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What does It take to outthink the competition?

[fa icon="calendar"] 22-Jul-2014 19:31:03 / by Carolyn Taylor

 

Every day, faced with the same sets of data about their external environment, competitors make different decisions.  These decisions will determine who performs the best. It's culture that plays a big part in the way those decisions are made, and in the nature of what is decided. Culture is a key determinant of whether you can out–think your competitors.

 Culture needed to outthink competition.jpg

This week we've seen the tragic outcome of such a scenario. Aviation authorities in Ukraine stated that their airspace was safe above 32,000 ft:  Some airlines accepted this position, whilst others questioned it and made some different decisions.


Malaysian Airlines, Singapore Airlines, Air India, Luthansa all decided to fly over Ukraine.  British Airways, Air France and Qantas had decided prior to July 17th to add 20 minutes to their flight times and do a dog-leg either above or below Ukraine.  After that, chance determined which of the aircraft flying over Ukraine was hit.  Singapore and Air India had planes very close by which could also have been shot down.  But those who flew the dog leg had out-thought the others and taken their passengers further out of harm’s way. What are the cultural factors required to consistently out-think everyone else?  Not just in cases of safety, but in any circumstance?

 

1. Firstly, you need the right set of values.

 

In this circumstance, valuing safety was a pre-requisite.  Everyone in the organisation needs to know that some things really matter.  In this case, safety.  But every good airline today has safety as a value.  Just like most good organisations has customer focus as a value.  It's not enough.

You have to have certain characteristics in your culture, certain patterns of behaviour and thinking that will produce optimal results.

 

2. The second factor is a mindset where everyone takes responsibility.

 

At Walking the Talk, we call this ‘above the line’ thinking.  It does something like this:  Instead of being passive and blaming others, it asks questions that take ownership of the situation: “Given the instability in the Ukraine, how will we choose to respond, could we have responded differently?”


Organisations with this feature in their culture recognise that in every situation they have the ability – and the choice – to respond any way they want.  RESPONSE-ABILITY. Just following a set of guidelines or rules is not enough.  People have to think for themselves as well. We see this today in the risk environment:  Regulators providing rules and guidelines isn't enough.  To produce the optimal risk culture, you need people who take responsibility for the choices they make, and make them consciously.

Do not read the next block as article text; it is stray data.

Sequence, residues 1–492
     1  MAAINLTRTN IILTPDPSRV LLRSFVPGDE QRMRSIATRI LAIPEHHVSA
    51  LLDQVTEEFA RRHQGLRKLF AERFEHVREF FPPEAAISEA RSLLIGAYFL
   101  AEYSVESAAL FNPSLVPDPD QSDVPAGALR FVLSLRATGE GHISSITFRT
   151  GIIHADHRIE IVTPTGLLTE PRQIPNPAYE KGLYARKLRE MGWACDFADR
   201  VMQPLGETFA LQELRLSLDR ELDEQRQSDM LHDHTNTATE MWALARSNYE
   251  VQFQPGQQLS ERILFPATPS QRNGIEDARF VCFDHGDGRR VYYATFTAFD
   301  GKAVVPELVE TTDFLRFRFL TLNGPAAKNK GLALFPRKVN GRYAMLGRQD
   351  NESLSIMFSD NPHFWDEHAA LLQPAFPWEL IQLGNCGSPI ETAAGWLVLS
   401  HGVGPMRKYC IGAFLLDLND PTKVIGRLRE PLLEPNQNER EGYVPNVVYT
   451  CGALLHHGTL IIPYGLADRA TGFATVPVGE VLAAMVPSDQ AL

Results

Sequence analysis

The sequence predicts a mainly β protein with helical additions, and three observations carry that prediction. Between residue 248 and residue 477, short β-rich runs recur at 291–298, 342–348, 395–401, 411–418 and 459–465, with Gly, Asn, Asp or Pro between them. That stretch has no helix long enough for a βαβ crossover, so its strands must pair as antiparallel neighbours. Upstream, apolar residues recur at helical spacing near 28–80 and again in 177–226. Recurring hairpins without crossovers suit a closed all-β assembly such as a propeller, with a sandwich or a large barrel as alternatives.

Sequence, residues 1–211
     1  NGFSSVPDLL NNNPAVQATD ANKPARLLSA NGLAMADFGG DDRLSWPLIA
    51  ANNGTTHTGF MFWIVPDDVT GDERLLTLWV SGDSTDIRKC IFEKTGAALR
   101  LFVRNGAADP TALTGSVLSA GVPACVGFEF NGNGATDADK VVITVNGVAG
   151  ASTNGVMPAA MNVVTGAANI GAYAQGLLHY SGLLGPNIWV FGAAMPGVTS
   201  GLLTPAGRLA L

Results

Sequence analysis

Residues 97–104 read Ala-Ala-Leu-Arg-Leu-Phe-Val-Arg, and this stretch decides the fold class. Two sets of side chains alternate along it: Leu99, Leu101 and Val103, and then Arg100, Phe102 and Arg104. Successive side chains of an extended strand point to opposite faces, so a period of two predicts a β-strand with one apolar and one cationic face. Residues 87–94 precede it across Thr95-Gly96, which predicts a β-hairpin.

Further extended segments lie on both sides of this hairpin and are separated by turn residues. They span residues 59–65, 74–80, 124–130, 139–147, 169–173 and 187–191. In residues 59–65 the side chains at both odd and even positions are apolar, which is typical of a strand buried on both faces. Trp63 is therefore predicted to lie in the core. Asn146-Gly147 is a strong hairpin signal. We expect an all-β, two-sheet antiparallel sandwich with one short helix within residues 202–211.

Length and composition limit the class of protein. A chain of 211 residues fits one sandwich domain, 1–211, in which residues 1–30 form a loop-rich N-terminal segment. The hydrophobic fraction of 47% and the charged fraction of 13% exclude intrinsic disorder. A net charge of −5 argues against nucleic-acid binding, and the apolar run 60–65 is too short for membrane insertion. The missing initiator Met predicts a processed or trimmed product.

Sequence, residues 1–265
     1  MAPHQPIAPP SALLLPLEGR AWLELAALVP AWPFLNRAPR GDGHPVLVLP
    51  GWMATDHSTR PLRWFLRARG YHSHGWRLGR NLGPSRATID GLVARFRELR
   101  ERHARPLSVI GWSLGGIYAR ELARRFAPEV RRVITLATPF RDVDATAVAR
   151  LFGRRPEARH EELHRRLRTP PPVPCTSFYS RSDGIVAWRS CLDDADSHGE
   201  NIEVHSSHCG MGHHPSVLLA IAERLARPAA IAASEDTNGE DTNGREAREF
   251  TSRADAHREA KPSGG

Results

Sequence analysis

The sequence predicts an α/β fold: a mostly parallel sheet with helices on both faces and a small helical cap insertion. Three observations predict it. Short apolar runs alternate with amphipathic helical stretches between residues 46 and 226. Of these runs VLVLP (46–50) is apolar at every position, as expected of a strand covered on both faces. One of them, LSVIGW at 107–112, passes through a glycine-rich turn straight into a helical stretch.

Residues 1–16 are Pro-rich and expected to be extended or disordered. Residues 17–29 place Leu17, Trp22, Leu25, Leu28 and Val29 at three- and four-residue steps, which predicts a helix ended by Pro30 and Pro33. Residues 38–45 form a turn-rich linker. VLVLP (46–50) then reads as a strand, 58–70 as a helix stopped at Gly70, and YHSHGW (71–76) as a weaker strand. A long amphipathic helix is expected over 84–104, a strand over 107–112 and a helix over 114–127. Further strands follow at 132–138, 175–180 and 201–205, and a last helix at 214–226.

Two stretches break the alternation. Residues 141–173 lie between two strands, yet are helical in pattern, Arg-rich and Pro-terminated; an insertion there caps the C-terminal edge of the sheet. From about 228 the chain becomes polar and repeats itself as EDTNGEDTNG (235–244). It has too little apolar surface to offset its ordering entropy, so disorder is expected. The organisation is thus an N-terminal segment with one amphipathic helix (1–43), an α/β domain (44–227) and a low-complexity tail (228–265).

I don't know the processes that Malaysian Airlines, Air India, Singapore Airlines and others made to decide to fly over the war zones.  Did they examine the assurance that it was safe and decide it was the right one? Or did they take it as the truth and not question it?  The airlines that had chosen to divert to the dog-leg clearly questioned and went beyond those guidelines in their pursuit of safety.  What was it about those airlines thinking process that allowed them to produce this optimal outcome?  This is where airlines should focus their attention now.  In tragic circumstances like these, it would be considered completely normal to blame someone. It's true that Russian or Ukrainian troops shot down the airline.  But it is also true that by flying a dog-leg, some airplanes were moved out of harm’s way.  Focusing on what we can do differently will consistently produce better results than focussing on who to blame.

 

3. The third factor is a culture of challenge.

 

To make a decision like this you need an environment where people feel safe to challenge the accepted status quo, even in the face of  decisions other competitors are making.  In this instance there would be a cost in the 20 minutes extra flight time.  People would have had to challenge hard to persuade others that the dog-leg was the right decision.  Senior managers would have had to be open to listen.  These patterns of behaviour go beyond just having the value of safety.  They map out the type of culture you will need to support this value.

 

The right values + a mindset of responsibility + a culture of making and receiving challenges = a higher likelihood of better decisions.

 

There will always be terrible luck - the seemingly random set of events that led to that particular airplane being the one that was shot down.  But the best cultures do not accept bad luck.  They will always seek to out-think others to reduce the extent to which they are subject to luck, and to produce a better outcome for their customers and their shareholders.

 

Carolyn is the CEO of Walking the Talk and author of 'Walking the Talk: Building a Culture for Success' (Random House).
Twitter @walkingourtalk.
 

Topics: Carolyn Taylor, Responsibility, Values

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